Caladium bicolor
Common Name: angel wings 
Type: Bulb
Family: Araceae
Native Range: Central and northern South America
Zone: 9 to 10
Height: 1.00 to 2.50 feet
Spread: 1.00 to 2.50 feet
Bloom Time: Rarely flowers
Bloom Description: Greenish-white
Sun: Part shade to full shade
Water: Medium
Maintenance: Medium
Suggested Use: Annual
Leaf: Colorful
Tolerate: Heavy Shade


Best grown in moist, fertile, humusy, organically rich, acidic soils in part shade or filtered sun. Does well in bright shade. Avoid direct sun where leaves will scorch. Tubers may be left in the ground year-round in USDA Zones 8-10. In St. Louis, however, tubers should be started indoors in early spring, planted outside directly in the ground or in containers after threat of frost has past, dug up in fall immediately after foliage die back/first frost and then overwintered in a dry location (set in dry peat or wood shavings) where temperatures do not dip below 45°F, in somewhat the same manner as done for tuberous begonias. Container plants may be stored indoors in the containers. When growing plants in garden soils, provide regular moisture, especially during dry summer periods, and do not allow soils to dry out. Plants also appreciate regular fertilization. St. Louis summer temperatures are ideal for caladiums: hot and humid with nighttime temperatures rarely dipping below 60°F.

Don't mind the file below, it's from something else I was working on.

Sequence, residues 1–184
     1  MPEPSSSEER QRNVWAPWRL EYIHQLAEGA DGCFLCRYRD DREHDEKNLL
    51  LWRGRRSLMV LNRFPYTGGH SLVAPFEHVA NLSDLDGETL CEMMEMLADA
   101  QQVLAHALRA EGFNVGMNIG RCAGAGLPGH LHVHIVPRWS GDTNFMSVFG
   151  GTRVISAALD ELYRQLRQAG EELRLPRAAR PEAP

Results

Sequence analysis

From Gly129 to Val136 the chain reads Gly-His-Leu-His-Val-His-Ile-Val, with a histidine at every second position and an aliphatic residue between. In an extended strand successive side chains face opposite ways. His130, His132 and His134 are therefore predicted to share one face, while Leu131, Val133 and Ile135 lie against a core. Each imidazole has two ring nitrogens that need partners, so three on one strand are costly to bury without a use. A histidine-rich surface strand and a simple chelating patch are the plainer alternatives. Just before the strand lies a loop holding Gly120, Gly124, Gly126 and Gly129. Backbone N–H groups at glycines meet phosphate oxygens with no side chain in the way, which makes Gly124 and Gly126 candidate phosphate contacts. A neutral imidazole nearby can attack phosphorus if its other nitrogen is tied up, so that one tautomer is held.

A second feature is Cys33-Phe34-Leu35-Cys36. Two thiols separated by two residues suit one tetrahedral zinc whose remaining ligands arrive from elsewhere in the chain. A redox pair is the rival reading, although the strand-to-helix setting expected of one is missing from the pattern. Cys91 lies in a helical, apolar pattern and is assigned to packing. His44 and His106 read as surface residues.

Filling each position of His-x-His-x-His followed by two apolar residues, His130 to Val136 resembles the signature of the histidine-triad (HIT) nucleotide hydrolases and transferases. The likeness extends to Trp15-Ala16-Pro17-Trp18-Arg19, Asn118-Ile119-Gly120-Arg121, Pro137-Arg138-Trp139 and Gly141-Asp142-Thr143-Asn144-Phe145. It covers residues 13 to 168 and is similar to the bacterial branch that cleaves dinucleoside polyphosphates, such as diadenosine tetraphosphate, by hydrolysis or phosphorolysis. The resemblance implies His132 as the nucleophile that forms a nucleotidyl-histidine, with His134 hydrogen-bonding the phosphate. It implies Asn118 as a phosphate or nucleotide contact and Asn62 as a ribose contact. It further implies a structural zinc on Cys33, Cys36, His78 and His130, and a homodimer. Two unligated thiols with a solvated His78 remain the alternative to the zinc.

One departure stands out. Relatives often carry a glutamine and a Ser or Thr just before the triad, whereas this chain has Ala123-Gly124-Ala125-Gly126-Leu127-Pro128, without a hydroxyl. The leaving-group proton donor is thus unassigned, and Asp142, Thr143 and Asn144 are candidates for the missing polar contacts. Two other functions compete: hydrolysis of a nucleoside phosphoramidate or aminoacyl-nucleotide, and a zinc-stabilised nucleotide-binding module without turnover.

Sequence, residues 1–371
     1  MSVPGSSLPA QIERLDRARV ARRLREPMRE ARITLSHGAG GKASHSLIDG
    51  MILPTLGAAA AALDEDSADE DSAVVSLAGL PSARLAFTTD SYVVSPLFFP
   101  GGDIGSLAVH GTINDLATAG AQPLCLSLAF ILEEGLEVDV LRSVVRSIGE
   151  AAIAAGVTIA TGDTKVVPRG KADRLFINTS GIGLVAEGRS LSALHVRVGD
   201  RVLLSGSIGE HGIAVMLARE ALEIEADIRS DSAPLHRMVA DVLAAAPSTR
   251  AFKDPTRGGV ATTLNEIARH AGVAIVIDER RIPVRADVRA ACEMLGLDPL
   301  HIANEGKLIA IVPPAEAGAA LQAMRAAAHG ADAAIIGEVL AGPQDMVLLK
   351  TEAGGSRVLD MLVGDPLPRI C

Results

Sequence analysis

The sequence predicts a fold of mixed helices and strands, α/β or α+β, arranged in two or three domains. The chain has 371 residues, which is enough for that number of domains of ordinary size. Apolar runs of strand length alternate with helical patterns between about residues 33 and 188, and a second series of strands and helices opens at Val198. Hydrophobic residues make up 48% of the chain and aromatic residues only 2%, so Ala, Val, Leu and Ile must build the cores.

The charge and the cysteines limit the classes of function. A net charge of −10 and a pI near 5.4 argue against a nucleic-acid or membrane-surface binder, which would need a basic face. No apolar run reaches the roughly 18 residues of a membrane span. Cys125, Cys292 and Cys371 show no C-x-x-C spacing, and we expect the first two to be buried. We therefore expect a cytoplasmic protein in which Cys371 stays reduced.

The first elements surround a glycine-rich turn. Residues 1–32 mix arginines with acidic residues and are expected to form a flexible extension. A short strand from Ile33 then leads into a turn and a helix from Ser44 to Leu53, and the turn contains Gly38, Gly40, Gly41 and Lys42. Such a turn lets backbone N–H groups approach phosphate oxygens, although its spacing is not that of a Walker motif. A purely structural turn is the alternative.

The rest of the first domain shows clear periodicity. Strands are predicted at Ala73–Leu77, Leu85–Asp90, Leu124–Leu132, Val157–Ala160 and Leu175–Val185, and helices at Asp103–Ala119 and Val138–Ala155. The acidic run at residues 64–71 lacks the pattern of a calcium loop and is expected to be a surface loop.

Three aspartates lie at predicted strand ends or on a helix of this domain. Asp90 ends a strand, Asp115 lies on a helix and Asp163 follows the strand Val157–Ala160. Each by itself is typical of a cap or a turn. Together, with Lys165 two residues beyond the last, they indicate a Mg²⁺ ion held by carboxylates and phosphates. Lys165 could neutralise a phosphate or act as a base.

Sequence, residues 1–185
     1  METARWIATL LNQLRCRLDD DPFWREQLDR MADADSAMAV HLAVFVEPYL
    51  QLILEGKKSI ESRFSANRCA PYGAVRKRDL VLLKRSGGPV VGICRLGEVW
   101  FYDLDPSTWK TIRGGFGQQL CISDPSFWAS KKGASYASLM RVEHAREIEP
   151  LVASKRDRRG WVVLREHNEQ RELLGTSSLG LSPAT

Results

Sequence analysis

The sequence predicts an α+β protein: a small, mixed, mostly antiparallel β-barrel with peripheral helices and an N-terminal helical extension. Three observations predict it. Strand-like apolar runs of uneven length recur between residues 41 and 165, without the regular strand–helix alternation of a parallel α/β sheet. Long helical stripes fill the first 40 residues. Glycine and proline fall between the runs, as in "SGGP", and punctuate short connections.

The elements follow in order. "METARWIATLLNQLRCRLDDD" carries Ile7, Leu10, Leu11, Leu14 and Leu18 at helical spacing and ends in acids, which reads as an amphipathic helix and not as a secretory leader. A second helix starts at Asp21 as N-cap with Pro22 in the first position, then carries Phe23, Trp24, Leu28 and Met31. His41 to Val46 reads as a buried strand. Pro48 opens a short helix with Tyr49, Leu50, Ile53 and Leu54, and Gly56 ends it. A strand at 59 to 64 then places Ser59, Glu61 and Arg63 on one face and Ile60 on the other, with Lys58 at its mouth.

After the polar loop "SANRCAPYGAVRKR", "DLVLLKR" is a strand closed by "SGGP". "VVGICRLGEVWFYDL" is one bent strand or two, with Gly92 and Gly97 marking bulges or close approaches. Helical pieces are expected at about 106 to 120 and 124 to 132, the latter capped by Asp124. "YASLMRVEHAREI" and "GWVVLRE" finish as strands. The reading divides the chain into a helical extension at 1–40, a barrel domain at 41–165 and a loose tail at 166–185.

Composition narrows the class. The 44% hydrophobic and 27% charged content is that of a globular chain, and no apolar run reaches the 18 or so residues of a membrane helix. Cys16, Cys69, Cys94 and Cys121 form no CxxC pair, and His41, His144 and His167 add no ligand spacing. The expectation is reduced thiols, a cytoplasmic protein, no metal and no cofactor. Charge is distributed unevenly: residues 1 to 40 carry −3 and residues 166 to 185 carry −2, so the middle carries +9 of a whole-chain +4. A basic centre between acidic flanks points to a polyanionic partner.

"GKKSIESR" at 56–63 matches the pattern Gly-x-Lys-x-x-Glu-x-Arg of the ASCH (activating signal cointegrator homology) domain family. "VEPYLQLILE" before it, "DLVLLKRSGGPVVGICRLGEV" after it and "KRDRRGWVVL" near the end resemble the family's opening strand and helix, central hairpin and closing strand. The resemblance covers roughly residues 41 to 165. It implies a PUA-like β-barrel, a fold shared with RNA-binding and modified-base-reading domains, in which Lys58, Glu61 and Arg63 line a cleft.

Noteworthy Characteristics

Caladium bicolor, commonly called caladiums or angel wings, are arum family members that are grown exclusively for their bold and colorful foliage. Calla-type flowers, if present, are usually hidden. Plants typically grow in clumps to 1-2.5' tall. Arrowhead-shaped leaves (to 1.5' long) are various shades of green mottled and blotched with pink, red, white or combinations thereof often with distinctively colored veins. Synonymous with C. x hortulanum.

Genus name comes from the Latinized Malay plant-name kaladi.

Specific epithet means of two colors.


No serious insect or disease problems. Leaves are rather fragile and may easily be damaged by wind or hail. Slugs and snails may chew holes in the foliage.


Lends a bright colors and a tropical look to beds, borders and containers. Houseplant.